said first and second members being disposed relative to said incubator and said drive means such that said drive means moves one of said members between its positions (1) and (2) while it moves the other of said members between its positions (2) and (3).
7. An analyzer as defined in claim 6, wherein said first and second members are reversely coupled to said drive means so that actuation of said drive means effects opposite relative simultaneous movement of said members.
8. An analyzer as defined in claim 7, wherein said members are constrained to move along parallel paths.
9. An analyzer as defined in claim 6, 7, or 8, wherein said drive means includes a rotatable gear and each of said members includes a rack gear engaged by said rotatable gear.
10. In an analyzer for the chemical analysis of a liquid contained in a test element, the analyzer comprising
metering station means permitting liquid to be deposited onto such a test element;
storage station means comprising a storage chamber constructed to store more than one such test element, said chamber having one end disposed for loading such elements and an opposite end disposed for unloading said stored elements from said chamber;
detection station means comprising a detector for detecting a change in said unloaded test element;
and means for sequentially transporting each of such test elements into said metering station means, from said metering station means into said chamber, and from said chamber into and out of said detection station means;
the improvement wherein said moving means include:
(a) a first member movable along a first path between: (1) an idle position upstream of said metering station, (2) an element-engaging position at said metering station, and (3) an element loading position at said storage chamber;
(b) a second member movable along a second path spaced from said first path, between: (1) an idle position upstream of said storage chamber, (2) an element-engaging position at said storage chamber, and (3) an element loading position at said detector;
and means for moving (a) said first member from its position (2) to position (3) while moving said second member from its position (2) to position (1), and (b) said first member from its position (3) to position (2) and then position (1) while moving said second member from its position (1) to position (2) and then position (3);
said moving means including reversible drive means continuously coupled to both said first and said second members so that only one of said members at a time is capable of moving from its position (2) to position (3).
Description
FIELD OF THE INVENTION

This invention relates to apparatus for the chemical analysis of substances, known as analytes, in liquids.

BACKGROUND OF THE INVENTION

Commonly owned U.S. application Ser. No. 177,050, filed on Aug. 11, 1980, now U.S. Pat. No. 4,303,611 by T. Jessop entitled "Analyzer Apparatus Featuring a Simplified Incubator", describes a unique analyzer and incubator for the same wherein the incubator provides a path from a loading station to an unloading station such that test elements are supported along the path with most of the elements covered by the element adjacent to them. A preferred arrangement is one in which the test elements are incubated as a vertical stack. Such an arrangement has produced a greatly simplified analyzer and at the same time has prevented loss of gases from the test elements. As a result, analyzers are readily available for use in small offices that could not afford to purchase the large and complicated prior art analyzers that have been so characteristic of the field.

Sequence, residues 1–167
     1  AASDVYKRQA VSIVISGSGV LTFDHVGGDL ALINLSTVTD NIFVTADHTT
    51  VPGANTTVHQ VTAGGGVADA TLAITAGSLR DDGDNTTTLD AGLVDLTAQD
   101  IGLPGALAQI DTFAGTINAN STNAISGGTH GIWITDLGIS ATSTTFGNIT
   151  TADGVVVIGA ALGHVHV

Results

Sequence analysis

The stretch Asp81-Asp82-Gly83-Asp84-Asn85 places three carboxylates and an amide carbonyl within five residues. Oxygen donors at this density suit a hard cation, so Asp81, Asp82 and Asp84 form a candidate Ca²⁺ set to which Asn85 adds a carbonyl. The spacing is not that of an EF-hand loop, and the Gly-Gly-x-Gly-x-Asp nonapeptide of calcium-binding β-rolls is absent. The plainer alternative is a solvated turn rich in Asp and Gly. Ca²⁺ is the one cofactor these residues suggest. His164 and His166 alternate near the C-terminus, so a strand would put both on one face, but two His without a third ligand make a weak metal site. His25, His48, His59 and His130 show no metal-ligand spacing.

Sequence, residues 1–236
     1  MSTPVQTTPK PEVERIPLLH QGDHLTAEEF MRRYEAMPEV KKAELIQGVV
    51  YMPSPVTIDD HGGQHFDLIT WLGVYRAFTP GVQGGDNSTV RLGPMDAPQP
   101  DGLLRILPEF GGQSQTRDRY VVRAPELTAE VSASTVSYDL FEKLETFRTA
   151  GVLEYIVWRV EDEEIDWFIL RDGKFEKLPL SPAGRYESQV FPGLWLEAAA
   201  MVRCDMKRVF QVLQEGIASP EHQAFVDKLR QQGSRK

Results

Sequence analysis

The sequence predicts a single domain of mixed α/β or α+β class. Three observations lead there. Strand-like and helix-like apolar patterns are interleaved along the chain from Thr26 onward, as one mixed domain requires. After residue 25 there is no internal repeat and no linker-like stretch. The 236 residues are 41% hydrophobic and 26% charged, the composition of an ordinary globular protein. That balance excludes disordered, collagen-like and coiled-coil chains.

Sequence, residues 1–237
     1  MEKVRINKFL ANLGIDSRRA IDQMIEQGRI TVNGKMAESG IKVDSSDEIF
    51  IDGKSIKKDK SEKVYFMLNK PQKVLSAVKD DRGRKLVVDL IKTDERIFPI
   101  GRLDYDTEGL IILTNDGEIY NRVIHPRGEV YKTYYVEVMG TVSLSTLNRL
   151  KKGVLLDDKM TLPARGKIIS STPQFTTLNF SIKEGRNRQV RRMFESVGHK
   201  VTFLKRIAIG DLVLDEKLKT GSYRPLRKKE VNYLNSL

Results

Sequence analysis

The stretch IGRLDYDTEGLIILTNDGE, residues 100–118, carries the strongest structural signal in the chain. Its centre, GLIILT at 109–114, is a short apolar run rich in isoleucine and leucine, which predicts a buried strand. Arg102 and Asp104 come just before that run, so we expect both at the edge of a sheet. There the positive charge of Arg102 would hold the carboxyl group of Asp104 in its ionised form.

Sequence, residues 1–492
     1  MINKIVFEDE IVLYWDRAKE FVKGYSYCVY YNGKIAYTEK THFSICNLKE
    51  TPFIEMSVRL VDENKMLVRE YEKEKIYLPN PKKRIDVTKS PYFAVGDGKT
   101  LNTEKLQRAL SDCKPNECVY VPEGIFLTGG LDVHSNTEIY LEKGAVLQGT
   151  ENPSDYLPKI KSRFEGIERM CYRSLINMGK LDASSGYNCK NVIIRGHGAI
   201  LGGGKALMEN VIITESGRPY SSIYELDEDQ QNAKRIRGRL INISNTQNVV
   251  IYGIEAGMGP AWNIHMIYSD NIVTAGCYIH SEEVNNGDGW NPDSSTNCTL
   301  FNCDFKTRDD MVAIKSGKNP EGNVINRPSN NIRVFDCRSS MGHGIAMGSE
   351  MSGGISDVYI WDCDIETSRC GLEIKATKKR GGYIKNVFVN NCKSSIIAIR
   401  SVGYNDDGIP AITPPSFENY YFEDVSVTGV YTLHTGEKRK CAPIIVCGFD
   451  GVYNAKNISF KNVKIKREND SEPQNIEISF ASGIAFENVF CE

Notwithstanding the significant advantages provided by the invention described in the aforesaid application, there has been an interest in further simplifying the analyzer. For example, the preferred loading and unloading means of the invention described in that application involve two separately actuated pusher members. The arrangement of those members is such that a single driving means does not operate to directly actuate both of them. Although a single drive means continuously coupled to both members would tend to simplify the drive mechanisms, the use of such a single drive and continuous coupling would tend to cause the loading means and unloading means to act to simultaneously load one test element into the incubator while another is being unloaded therefrom. However, the incubators of the aforesaid application are designed to contain more than one test element. Simultaneous loading and unloading of such an incubator is undesirable because, with such an arrangement, there could never be more than one test element in the incubator at any one time. To avoid this, separate control of the loading and unloading functions is required.

Thus, prior to this invention, it was not envisoned to provide, in simplified analyzer-incubator apparatus of the type described in the aforesaid application, a drive means continuously coupled to both the loading and unloading means of the multi-element incubator.